Reporting of SFTs involving energy
As regards SFTs involving energy ESMA in the Final report of 6 January 2020, Guidelines on reporting under Articles 4 and 12 SFTR (ESMA70-151-270, p. 25) observes that there is a potential overlap between SFTR and REMIT. REMIT covers the reporting of transactions involving energy where the energy is delivered in the EU. The scope of SFTR does not limit the place where the commodity lent or borrowed or provided as collateral is delivered, but the reporting templates neither include information on it.According to the ESMA, it is conceivable that a transaction is a REMIT reportable transaction with T+30 reporting timeframe, but also could be an SFT reportable by T+1.
Moreover, based on input from market stakeholders (which argued for the carve-out for transactions subject to REMIT from reporting requirements under SFTR) ESMA in the above Report of 6 January 2020 made the following comments with respect to SFTs involving energy:
- ESMA does not agree that there is an exclusion of commodities from repo and buy-sell back definitions,
- ESMA recognises that overlap between REMIT and SFTR is unavoidable because of the requirements in Level I,
- ESMA understands from the feedback that the data reported in the reporting timeframe of SFTR (T+1) may seem imperfect as compared to the T+30 REMIT reporting timeframe,
- if a transaction within REMIT were also within the scope of SFTR it is likely that such transaction would be reported pursuant to a REMIT “Non-Standard Contract” template and reportable on a T+30 days basis; while the reporting of SFTs is generally on a T+1 basis,
- the reporting timeframe of SFTR is specified in Article 4(1) of SFTR and ESMA cannot modify this,
- however, it is worth reminding counterparties that they would be able to correct data.
Guidelines on reporting under Articles 4 and 12 SFTR, ESMA70-151-282, 6 January 2020, p. 12, 13, 16
Aspects related to SFTs involving commodities
The execution of the SFT should be structured in such a way that the beneficial owner neither loses its economic ownership of the commodities, nor takes on new market risk in the commodity. Repo/reverse repo transactions involving commodities are characterised by the presence of a (repurchase) agreement. The commodities can be transferred by way of outright title transfer or pledge. However, when adhering to the scope of SFTs involving commodities, when the sale and repurchase does not qualify as a repo, it shoud be a BSB instead. In a commodities lending and borrowing (SLB) transaction, the collateral taker is the party that lends the commodities and the collateral giver borrows the commodities. Unlike repo/reverse repo and BSB/SBB where the commodity is deemed to be the collateral in the transaction. When reporting SFTs involving commodities, further to the relevant master agreements, the counterparties should assess the extent to which the type of SFT involving commodities that they are reporting could fit into the fields applicable to that SFT. This should help determine whether the transaction needs to be reported as a commodities lending or borrowing transaction, or as a repo/SBB or reverse repo/BSB collateralized with commodities.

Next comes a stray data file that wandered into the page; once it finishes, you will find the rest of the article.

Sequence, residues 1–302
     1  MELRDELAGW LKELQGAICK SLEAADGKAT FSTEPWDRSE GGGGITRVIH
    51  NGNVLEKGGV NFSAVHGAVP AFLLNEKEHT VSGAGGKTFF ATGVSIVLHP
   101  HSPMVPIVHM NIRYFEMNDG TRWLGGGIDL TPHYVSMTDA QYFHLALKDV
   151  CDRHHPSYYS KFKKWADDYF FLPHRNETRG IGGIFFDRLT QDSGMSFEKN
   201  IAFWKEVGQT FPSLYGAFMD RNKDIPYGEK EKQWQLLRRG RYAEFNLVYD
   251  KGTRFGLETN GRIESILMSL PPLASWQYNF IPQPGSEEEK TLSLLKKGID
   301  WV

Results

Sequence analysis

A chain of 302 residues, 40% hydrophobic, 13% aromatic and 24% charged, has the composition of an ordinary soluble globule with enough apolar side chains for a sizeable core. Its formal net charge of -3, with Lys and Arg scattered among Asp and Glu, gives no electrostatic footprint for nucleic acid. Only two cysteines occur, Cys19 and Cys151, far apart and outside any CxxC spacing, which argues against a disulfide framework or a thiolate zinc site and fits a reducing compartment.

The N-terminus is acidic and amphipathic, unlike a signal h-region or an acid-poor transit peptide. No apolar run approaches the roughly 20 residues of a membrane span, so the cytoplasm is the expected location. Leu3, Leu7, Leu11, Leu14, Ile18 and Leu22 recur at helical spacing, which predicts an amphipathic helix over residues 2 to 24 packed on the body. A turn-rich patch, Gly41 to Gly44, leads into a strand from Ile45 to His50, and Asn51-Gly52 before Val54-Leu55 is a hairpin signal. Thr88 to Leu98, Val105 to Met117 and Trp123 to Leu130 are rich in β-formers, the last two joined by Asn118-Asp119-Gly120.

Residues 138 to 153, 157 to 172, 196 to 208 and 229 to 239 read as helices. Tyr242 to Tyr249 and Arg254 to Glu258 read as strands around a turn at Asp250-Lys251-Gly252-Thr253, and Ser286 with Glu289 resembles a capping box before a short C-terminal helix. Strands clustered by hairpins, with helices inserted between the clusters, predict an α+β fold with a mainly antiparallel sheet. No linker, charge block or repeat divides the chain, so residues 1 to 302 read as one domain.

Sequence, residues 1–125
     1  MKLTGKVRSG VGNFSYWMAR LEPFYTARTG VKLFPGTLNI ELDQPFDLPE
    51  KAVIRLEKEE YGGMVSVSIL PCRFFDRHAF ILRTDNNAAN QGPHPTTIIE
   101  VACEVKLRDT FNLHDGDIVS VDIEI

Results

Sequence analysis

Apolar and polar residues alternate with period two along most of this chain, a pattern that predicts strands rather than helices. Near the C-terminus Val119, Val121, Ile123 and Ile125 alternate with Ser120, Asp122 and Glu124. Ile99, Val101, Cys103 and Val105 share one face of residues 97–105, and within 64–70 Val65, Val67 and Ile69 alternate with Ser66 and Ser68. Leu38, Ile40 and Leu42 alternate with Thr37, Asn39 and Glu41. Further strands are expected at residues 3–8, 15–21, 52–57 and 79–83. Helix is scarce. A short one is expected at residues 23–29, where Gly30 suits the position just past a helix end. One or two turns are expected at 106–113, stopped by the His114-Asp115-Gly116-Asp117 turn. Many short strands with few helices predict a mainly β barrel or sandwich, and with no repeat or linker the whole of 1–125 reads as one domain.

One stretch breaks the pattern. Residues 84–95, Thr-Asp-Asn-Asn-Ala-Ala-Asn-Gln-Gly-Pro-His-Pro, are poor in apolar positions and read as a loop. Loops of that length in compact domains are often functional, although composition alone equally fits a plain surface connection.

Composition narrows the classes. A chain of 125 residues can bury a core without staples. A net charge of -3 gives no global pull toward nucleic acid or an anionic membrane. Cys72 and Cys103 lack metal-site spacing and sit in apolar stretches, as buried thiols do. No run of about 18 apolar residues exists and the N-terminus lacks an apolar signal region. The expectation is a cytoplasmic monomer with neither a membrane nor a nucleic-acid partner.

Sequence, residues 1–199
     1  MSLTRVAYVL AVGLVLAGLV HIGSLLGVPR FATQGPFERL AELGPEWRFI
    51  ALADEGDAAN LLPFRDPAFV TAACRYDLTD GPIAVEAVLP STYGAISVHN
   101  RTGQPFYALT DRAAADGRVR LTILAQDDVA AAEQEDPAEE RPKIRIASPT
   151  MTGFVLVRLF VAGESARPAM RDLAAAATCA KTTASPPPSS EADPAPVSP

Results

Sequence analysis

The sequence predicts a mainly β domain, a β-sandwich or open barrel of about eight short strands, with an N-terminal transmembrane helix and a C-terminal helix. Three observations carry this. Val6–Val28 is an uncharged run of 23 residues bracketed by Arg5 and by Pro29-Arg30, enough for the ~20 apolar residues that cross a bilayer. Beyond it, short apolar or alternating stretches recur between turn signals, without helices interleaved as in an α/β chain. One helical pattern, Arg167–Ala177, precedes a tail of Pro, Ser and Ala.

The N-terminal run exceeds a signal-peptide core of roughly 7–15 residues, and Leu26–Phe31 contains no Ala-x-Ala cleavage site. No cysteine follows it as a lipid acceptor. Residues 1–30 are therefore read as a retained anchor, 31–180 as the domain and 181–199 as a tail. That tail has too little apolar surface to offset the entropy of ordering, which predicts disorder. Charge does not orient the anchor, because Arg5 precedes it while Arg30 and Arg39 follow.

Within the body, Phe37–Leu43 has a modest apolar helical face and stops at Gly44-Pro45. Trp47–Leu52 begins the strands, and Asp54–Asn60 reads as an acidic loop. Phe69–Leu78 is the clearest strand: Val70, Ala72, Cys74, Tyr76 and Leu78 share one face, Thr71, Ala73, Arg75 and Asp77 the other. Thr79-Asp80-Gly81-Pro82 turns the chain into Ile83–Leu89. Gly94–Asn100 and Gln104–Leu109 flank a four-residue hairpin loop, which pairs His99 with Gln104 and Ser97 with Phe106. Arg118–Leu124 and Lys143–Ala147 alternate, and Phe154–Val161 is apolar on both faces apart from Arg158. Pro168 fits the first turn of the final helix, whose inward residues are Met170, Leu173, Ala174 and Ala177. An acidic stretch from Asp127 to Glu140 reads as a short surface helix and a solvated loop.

Furthermore, all SFTs as defined in Articles 3(7) to 3(10) SFTR, except margin lending, include a reference to the possible use of commodities as part of the SFT. BSB/SBB limits the use of commodities to purchases and subsequent sales between the two counterparties (without market intermediary), whereas the commodities lending and borrowing transactions and repos allow for both title transfer and pledge arrangements. Therefore, the counterparties should populate the type of collateral arrangement in Field 2.20 Method used to provide collateral, as appropriate.
SFTs involving commodities may sometimes be part of more complex structures that may include derivatives, such as futures and options. Only the parts of the overall structure that is the SFT should be reported. Derivatives used in such structures may be reportable under EMIR and/or MIFID and/or REMIT.
Regarding the meaning of equivalent commodities and substituted commodities, ESMA clarifies the following:
a. equivalent commodities are the same type of commodities with similar characteristics and/or specifications that can replace the original commodities in the return leg as contractually agreed upon.
b. substituted commodities are commodities that are pledged as collateral as substitution for the commodities that were originally pledged as collateral under the same transaction.
SFTs involving energy
A transaction (e.g. buy – sell-back of gas across zones with (alternative) financing objectives) can be a a REMIT reportable transaction with T+30 reporting timeframe and, at the same time, an SFT reportable by T+1.
Therefore, where these types of transactions are sufficiently clear for unambiguous classification as SFTs used to finance commodities they are reportable as per the relevant reporting template.
Allocation of responsibility under Article 4(3) SFTR
NFC should communicate with FC whether they qualify as small NFC or not, as well as update the FC on any potential changes in their status.
Third Country - Financial Counterparties (TC-FC)